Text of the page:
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All bones possess larger or smaller foramina (openings) for the entrance of blood-vessels; these are known as the nutrient foramina, and are particularly large in the shafts of the larger long bones, where they lead into a nutrient canal, which extends into the medullary cavity. The nutrient canal(foramen)is directed away from the growing end of bone. The growing ends of bones in upper limb are upper end of humerus and lower ends of radius and ulna. In lower limb, the lower end of femur and upper end of tibia are the growing ends.[1] The nutrient arteries along with veins pass through this canal. A nutrient canal is found in long bones, in the mandible [2] and in dental alveoli.[3] In long bones the nutrient canal is found in the shaft.

Nutrient canal
609 Body Supply to the Bone.jpg
The blood supply to long bones, here with nutrient artery, vein and foramen labeled.
Nutrientvessel.png
A nutrient canal feeding the femur seen on X-ray
Identifiers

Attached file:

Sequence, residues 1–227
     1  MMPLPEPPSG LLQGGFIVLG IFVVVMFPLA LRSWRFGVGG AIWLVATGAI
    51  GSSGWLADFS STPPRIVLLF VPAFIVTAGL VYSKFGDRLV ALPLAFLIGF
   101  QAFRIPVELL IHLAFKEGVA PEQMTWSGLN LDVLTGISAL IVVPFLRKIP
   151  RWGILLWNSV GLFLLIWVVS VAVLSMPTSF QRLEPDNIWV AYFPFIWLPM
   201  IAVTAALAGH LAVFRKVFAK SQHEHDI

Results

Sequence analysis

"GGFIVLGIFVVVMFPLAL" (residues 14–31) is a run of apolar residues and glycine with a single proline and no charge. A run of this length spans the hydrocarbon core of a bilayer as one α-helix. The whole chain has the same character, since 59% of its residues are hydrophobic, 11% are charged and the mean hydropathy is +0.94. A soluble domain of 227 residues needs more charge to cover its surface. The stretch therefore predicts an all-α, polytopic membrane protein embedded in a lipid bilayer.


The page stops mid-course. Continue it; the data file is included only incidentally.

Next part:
TAA02.0.00.042
FMA75378
Anatomical terminology

ReferencesEdit

This article incorporates text in the public domain from the 20th edition of Gray's Anatomy (1918) This article incorporates text from a public domain edition of Sobotta's Anatomy.

  1. ^ http://babel.hathitrust.org/cgi/pt?id=ien.35558004773491;view=1up;seq=16
  2. ^ Abdar-Esfahani, Morteza; Mehdizade, Mojdeh (4 November 2013). "Mandibular Anterior Nutrient Canals in Periapical Radiography in Relation to Hypertension". Nephro-urology Monthly. doi:10.5812/numonthly.15292. PMC 3968996. Missing or empty |url= (help)
  3. ^ Fielding, CG (1 March 2002). "Nutrient Canals of the Alveolar Process as an Anatomic Feature for Dental Identifications". Journal of Forensic Science. doi:10.1520/JFS15262J.